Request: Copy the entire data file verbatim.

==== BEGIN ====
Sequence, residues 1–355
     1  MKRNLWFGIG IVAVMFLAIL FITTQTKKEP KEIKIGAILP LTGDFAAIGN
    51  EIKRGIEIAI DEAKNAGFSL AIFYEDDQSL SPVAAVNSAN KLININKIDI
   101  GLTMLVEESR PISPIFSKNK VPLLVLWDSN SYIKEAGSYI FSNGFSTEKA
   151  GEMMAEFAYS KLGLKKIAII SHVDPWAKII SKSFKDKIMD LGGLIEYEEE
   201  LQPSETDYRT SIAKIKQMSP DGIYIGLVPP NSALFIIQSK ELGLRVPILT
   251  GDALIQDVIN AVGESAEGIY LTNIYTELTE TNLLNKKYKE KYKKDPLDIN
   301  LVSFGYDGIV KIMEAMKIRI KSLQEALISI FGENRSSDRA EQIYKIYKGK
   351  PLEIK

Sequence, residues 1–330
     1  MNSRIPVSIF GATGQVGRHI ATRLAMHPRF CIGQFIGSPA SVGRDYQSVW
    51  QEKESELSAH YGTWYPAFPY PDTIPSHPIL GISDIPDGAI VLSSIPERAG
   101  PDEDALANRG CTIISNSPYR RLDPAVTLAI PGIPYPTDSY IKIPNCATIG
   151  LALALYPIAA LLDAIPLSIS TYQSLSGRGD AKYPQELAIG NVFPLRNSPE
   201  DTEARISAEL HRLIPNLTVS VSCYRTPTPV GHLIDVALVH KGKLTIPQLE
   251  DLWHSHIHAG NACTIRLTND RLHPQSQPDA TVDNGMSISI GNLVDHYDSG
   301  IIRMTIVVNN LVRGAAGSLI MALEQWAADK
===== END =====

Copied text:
Sequence, residues 1–355
     1  MKRNLWFGIG IVAVMFLAIL FITTQTKKEP KEIKIGAILP LTGDFAAIGN
    51  EIKRGIEIAI DEAKNAGFSL AIFYEDDQSL SPVAAVNSAN KLININKIDI
   101  GLTMLVEESR PISPIFSKNK VPLLVLWDSN SYIKEAGSYI FSNGFSTEKA
   151  GEMMAEFAYS KLGLKKIAII SHVDPWAKII SKSFKDKIMD LGGLIEYEEE
   201  LQPSETDYRT SIAKIKQMSP DGIYIGLVPP NSALFIIQSK ELGLRVPILT
   251  GDALIQDVIN AVGESAEGIY LTNIYTELTE TNLLNKKYKE KYKKDPLDIN
   301  LVSFGYDGIV KIMEAMKIRI KSLQEALISI FGENRSSDRA EQIYKIYKGK
   351  PLEIK

Sequence, residues 1–330
     1  MNSRIPVSIF GATGQVGRHI ATRLAMHPRF CIGQFIGSPA SVGRDYQSVW
    51  QEKESELSAH YGTWYPAFPY PDTIPSHPIL GISDIPDGAI VLSSIPERAG
   101  PDEDALANRG CTIISNSPYR RLDPAVTLAI PGIPYPTDSY IKIPNCATIG
   151  LALALYPIAA LLDAIPLSIS TYQSLSGRGD AKYPQELAIG NVFPLRNSPE
   201  DTEARISAEL HRLIPNLTVS VSCYRTPTPV GHLIDVALVH KGKLTIPQLE
   251  DLWHSHIHAG NACTIRLTND RLHPQSQPDA TVDNGMSISI GNLVDHYDSG
   301  IIRMTIVVNN LVRGAAGSLI MALEQWAADK